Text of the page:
Martin and Malcolm and America A Dream of a Nightmare

ISBN-10: 1570759790

ISBN-13: 9781570759796

Edition: 20th 2012

Authors: James H. Cone

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James Cone cuts through the superficial assessments of King and Malcolm as polar opposites to reveal two men whose visions were complementary and moving towards convergence.
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Book details

List price: $26.00
Edition: 20th
Copyright year: 2012
Publisher: Orbis Books
Binding: Paperback
Pages: 392
Size: 5.75" wide x 9.50" long x 1.00" tall
Weight: 1.650
Language: English

A leading African American theologian and an advocate of black theology, James H. Cone was born in Fordyce, Arkansas. Cone came of age during the civil rights movement and he was drawn to the black power movement that gained prominence in the late 1960s. Rejecting the nonviolence of Martin Luther King, Jr., Cone moved to join theology with the militant, separatist vision of Malcolm X, with its espousal of forceful societal change to achieve racial equality. Cone's book Black Theology and Black Power (1969) eloquently equated black power with the political and spiritual liberation of black Americans. In it, he equated blackness as symbolic of oppression and whiteness as symbolic of the oppressors. Cone continued his teachings of what soon became known as "black theology" in a second book, A Black Theology of Liberation (1971), which strongly condemned racism and oppression. During the 1970s, Cone became a force in the development of liberation theologies in Third World countries. Beginning in 1976, he became an important figure in the Ecumenical Association of Third World Theologians. Cone's association with liberation theologies also broadened and transformed his vision of Christian theology. In Crosscurrents, published in 1977, he strongly articulated the view that Christian theology must move beyond reaction to white racism in America. Cone joined the faculty of Union Theological Seminary in 1969 and was appointed to the distinguished Charles A. Biggs chair of systematic theology in 1977.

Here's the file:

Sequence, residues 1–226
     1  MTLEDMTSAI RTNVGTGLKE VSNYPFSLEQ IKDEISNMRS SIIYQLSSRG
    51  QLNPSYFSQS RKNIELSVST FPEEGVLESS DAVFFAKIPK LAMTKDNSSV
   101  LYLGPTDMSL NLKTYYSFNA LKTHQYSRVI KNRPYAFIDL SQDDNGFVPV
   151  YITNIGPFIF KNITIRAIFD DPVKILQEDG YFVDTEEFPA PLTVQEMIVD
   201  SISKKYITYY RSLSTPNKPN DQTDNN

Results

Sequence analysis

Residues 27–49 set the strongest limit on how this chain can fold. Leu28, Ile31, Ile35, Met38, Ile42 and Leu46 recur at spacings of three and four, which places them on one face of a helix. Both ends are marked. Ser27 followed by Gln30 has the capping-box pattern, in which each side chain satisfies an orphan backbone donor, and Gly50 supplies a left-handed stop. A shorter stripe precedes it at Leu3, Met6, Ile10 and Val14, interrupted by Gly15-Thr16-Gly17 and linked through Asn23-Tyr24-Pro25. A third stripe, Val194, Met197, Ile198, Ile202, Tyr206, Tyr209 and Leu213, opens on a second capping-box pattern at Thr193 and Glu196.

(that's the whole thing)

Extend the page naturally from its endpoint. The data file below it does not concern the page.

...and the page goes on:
Preface to the Twentieth Anniversity Edition
Introduction. America: A Dream or a Nightmare?
The Meeting of Malcolm and Martin
Integrationism and Nationalism in African-American Intellectual History
The Making of a Dreamer (1929-55)
The Making of a "Bad Nigger" (1925-52)
"I Have a Dream" (1955-64)
The Context of Martin's Vision
King and the American Dream
Pursuing the Dream: The Role of the Negro People
The American Dream and the Dream for the World
Birmingham and the March on Washington
After Washington
"I See a Nightmare" (1952-63)
The Context of Malcolm's Vision
Malcolm and Muhammad
Oppression and Justice
Unity, Self-knowledge, Self-love, Self-defense, and Separation
America as a Nightmare
"We Must Love Our White Brothers"
The Impact of King's Faith and Theology upon His Dream
King's Impact upon the American Churches
"White Man's Heaven is a Black Man's Hell"
The Impact of Malcolm's Faith and Theology upon His Nightmare
Malcolm's Exposition of Religions and Race
"Chickens Coming Home to Roost" (1964-65)
Break with Elijah Muhammad
Movement toward Martin
"Shattered Dreams" (1965-68)
The Struggle for the Ballot: End of the First Phase
The Second Phase: A Dream Shattered
Disenchantment with Whites
The Vietnam Crucible: Justice, Love, and Hope
Two Roads to Freedom
Complementing Each Other
Correcting Each Other
Nothing But Men
Making Their Mark: Legacies
Critique of American Christianity
Qualities as Leaders
Self-criticism and Humility
Nonviolence and Self-defense
Militancy and Humor
Solidarity with the Masses
Link with Other Liberation Movements
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